In view of the above problems, the present invention provides a method of decoding two-channel matrix encoded audio to reconstruct multichannel audio that more closely approximates a discrete surround-sound presentation.
This is accomplished by subband filtering the two-channel matrix encoded audio, mapping each of the subband signals into an expanded sound field to produce multichannel subband signals, and synthesizing those subband signals to reconstruct multichannel audio. By steering the subbands separately about an expanded sound field, various sounds can be simultaneously positioned about the sound field at different points allowing for more accurate placement and more distinct definition of each sound element.
The process of subband filtering provides for multiple dominant signals, one in each of the subbands. As a result, signals that are important to the audio presentation that would otherwise be masked by the single dominant signal are retained in the surround-sound presentation provided they lie in different subbands. In order to optimize the tradeoff between performance and computations a bark filter approach may be preferred in which the subbands are tuned to the sensitivity of the human ear.
By expanding the sound field, the decoder can more accurately position audio signals in the sound field. As a result, signals that would otherwise appear to emanate from the same location can be separated to appear more discrete. To optimize performance it may be preferred to match the expanded sound field to the multichannel input. For example, a 9-point sound field provides discrete points, each having a set of optimized gain coefficients, including points for each of the L,R,C,Ls,Rs and Cs channels.
BRIEF DESCRIPTION OF THE DRAWINGS
These and other features and advantages of the invention will be apparent to those skilled in the art from the following detailed description of preferred embodiments, taken together with the accompanying drawings, in which:
FIG. 1, as described above, is a block diagram of a two-channel matrix encoded surround-sound system;
FIG. 2, as described above, is an illustration of a 5-point sound field;
FIG. 3, as described above, is a block diagram of a 5.1 channel surround-sound system;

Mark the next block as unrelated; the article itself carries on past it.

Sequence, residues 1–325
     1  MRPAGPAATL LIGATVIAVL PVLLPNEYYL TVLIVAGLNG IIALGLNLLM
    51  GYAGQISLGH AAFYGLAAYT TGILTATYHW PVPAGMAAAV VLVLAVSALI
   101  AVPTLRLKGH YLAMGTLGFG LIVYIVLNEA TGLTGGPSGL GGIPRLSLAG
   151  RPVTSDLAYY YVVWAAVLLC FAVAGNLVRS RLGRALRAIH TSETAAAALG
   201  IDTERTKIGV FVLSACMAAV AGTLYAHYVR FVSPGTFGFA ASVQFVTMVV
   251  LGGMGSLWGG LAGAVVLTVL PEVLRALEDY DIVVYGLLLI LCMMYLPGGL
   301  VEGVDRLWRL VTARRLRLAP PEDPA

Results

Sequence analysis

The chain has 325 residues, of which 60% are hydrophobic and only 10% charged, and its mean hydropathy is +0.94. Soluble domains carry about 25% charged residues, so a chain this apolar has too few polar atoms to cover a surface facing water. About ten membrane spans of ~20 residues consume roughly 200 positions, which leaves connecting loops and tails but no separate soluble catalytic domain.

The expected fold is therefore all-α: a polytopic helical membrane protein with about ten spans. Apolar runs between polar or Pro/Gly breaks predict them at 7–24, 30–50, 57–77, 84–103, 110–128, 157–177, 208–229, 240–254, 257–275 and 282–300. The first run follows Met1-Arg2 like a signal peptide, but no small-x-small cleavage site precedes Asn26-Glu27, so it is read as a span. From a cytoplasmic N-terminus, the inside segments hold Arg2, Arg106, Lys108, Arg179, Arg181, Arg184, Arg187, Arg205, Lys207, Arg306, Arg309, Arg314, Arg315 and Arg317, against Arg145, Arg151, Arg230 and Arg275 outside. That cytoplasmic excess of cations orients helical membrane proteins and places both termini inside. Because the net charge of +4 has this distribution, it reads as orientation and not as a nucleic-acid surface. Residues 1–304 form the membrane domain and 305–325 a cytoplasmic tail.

FIG. 4 is a block diagram of a decoder for reconstructing multichannel audio from two-channel matrix encoded audio in accordance with the present invention;
FIG. 5 is a flow chart illustrating the steps to reconstruct multichannel audio from two-channel matrix encoded audio in accordance with the present invention;
FIGS. 6 a and 6 b respectively illustrate the subband filters and synthesis filter shown in FIG. 4 used to reconstruct the discrete multichannel audio;
FIG. 7 illustrates a particular Bark subband filter; and
DETAILED DESCRIPTION OF THE INVENTION
FIG. 8 is an illustration of a 9-point expanded sound field that matches the discrete multichannel audio presentation.
The present invention fulfills the industry need to provide a method of decoding two-channel matrix encoded audio to reconstruct multichannel audio that more closely approximates “discrete” multichannel audio. This technology will most likely be incorporated in multichannel A/V receivers so that a single unit can accommodate true 5.1 (or 6.1) multichannel audio as well as two-channel matrix encoded audio. Although inferior to true discrete multichannel audio, the surround-sound presentation from the two-channel matrix encoded content will provide a more natural and richer audio experience. This is accomplished by subband filtering the two-channel audio, steering the subband audio within an expanded sound field that includes a discrete point with optimized gain coefficients for each of the speaker locations and then synthesizing the multichannel subbands to reconstruct the multichannel audio. Although the preferred implementation utilizes both the subband filtering and expanded sound-field features, they can be utilized independently.